'Starman': a gentle sci-fi fantasy stressing human relations. Also, Jack Lemmon stars in 'Mass Appeal'

John Carpenter has specialized in the fantastic ever since he launched his career with ''Dark Star,'' a wry science-fiction comedy, and ''Halloween,'' which ushered in a new era of grim horror yarns.

His new picture, ''Starman,'' is a love story as well as a fantasy - a romance in more ways than one. The gentlest of his movies, it shows a new maturity in Mr. Carpenter's outlook, emphasizing close human relations rather than shocks and outlandish effects. Although it never quite comes together, it shows a shift of focus and interest that bodes well for his work to come.

The basic idea is an appealing one: Some civilization in deep space notices a greeting carried toward the stars by an American rocket and sends a scout to check out this primitive Earth and its inhabitants.

The emissary crash-lands in Wisconsin, which is a pretty place but is also 2, 000 miles from where his people will pick him up in three days. So he assumes a human shape by pilfering some DNA from a lock of hair in a family album. Then, since he doesn't know how to drive, he coerces a human being into transporting him.

And here's where the love angle comes in: It so happens that his reluctant chauffeur is a recently widowed woman, and his new form is identical to her late husband. She can't decide whether to adore or hate this familiar yet unearthly creature, until she gets to know him for himself and learns that spacepersons need affection, too.

The best parts of ''Starman'' are the most lighthearted. It's fun watching an amiable alien being figure out Earth's irrational ways, and when he stumbles on something sublime - like apple pie with whipped cream - his enthusiasm is both touching and hilarious.

Jeff Bridges adds to the humor with his eccentric portrayal of the hero, who never gets used to an earthly body and moves like some overage Pinocchio forever on the verge of becoming a real boy. Karen Allen is a good foil for his physical jokes and matches his emotions in the bittersweet love scenes that arrive in the second half of the picture.

''Starman'' might have been a first-class fantasy if its screenplay (by Bruce A. Evans and Raynold Gideon) were more clearly aimed. The action veers from science-fiction gimmickry and romantic dalliance to car-chase heroics and road-movie meandering, dipping into one genre after another instead of making up its mind as to which one it wants to belong to. The subplots and supporting characters are trite (government agents tracking down the alien), and echoes of ''E. T. the Extra-Terrestrial'' are too strong for comfort, even though the ''Starman'' story is much more grown up in tone.

I hope Carpenter brings the sensitivity of ''Starman'' to future projects, combining it with tighter screenplays and more original visual ideas. It's good to see the talented but often frivolous director of ''The Fog'' and the remake of ''The Thing'' lift his sights a little. His future looks promising if he follows through on his new direction.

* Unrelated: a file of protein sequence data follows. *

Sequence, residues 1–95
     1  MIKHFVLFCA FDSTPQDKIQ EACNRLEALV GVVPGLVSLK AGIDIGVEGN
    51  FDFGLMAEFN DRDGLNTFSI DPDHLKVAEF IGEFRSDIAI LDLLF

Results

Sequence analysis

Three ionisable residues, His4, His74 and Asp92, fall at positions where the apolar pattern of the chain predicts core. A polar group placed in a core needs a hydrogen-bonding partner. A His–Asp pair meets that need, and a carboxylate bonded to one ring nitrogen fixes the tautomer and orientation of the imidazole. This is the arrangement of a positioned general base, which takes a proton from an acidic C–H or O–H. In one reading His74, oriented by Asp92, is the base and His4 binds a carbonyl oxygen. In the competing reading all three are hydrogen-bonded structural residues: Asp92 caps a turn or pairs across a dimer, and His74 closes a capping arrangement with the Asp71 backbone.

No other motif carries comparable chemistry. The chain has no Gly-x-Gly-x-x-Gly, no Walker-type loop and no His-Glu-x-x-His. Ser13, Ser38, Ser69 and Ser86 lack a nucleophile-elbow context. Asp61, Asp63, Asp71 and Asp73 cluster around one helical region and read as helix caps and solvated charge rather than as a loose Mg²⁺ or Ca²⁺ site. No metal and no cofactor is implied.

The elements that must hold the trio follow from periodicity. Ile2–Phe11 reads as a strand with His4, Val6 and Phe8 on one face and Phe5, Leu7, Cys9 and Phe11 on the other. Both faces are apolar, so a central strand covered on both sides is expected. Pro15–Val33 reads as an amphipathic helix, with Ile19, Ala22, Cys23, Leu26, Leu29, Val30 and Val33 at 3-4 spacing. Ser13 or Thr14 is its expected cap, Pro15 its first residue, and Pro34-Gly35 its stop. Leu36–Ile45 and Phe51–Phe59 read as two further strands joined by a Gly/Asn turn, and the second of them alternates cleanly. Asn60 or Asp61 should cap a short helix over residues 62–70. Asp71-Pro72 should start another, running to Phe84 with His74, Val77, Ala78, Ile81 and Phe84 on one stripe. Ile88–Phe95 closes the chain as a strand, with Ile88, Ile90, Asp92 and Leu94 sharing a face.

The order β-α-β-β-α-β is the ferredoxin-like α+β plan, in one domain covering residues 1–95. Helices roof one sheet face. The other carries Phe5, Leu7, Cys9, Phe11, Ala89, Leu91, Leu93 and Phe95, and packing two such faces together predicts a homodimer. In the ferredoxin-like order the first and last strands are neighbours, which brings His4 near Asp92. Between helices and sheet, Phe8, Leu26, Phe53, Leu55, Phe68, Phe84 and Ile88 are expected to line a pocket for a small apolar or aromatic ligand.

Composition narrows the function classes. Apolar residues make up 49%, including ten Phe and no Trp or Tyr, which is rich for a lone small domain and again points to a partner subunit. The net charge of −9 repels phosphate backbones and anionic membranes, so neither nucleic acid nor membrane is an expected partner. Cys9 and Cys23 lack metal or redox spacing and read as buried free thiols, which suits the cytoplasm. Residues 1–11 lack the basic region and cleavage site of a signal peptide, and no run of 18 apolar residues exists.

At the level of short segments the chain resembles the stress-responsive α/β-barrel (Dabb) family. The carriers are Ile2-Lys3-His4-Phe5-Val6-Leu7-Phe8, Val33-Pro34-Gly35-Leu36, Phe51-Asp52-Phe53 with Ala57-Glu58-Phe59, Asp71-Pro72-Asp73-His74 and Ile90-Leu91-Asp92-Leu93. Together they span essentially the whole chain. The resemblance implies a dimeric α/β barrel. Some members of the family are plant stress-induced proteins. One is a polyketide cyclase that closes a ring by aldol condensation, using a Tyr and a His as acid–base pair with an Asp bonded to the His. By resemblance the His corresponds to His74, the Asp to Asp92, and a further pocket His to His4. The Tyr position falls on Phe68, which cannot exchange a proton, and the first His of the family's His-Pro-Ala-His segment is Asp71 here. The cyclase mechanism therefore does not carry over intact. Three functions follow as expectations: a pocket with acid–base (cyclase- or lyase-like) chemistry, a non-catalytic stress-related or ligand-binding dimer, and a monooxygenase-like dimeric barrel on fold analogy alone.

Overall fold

'Mass Appeal'

Jack Lemmon's screen performances have varied greatly in recent years, from the crest of ''Missing'' to the trough of ''Tribute.'' His new movie, ''Mass Appeal,'' finds him pulling out every ingratiating gimmick in his repertoire - teetering on the brink of excess, yet never quite plunging into the hammy depths below.

It's ironic that Mr. Lemmon strains hard so to please us, because that's what his character in ''Mass Appeal'' does with his audience, too. He's a Roman Catholic priest whose glib, outgoing personality has landed him in a smug, wealthy parish, where he regales his flock with just the cozy, congratulatory words they want to hear in their weekly sermons.

But a challenge awaits him - in the form of a young seminarian who likes tweaking orthodox noses with radical talk about female priests and such. He's assigned to work at our hero's church, and the priest grows to respect his idealism, unchanneled though it is. When questions arise about the young man's past, including a busy period of sowing wild oats, the protagonist faces a hard choice: abandon his protege or risk the wrath of his conservative congregation (and superiors) by defending him.

Although the setting is denominational, the issues explored in ''Mass Appeal'' are universally human ones like loyalty, affection, the meaning of maturity, and the capacity for regeneration. Everyone in the movie wants to do the right thing - even the pompous higher-up played by Charles Durning - and the measure of a good clergyman is seen as a simple desire to help others.

But these appealing qualities don't compensate for the stagy structure of ''Mass Appeal,'' adapted by Bill C. Davis from his Broadway play, or for the trite remarks of trite characters like the devoted housekeeper and the reactionary pedant. While I applaud the movie's compassion, and commend its aspirations to literacy - a virtue in short supply on the Hollywood scene - I can't muster more than a ho-hum for its overall impact. Glenn Jordan was the director.

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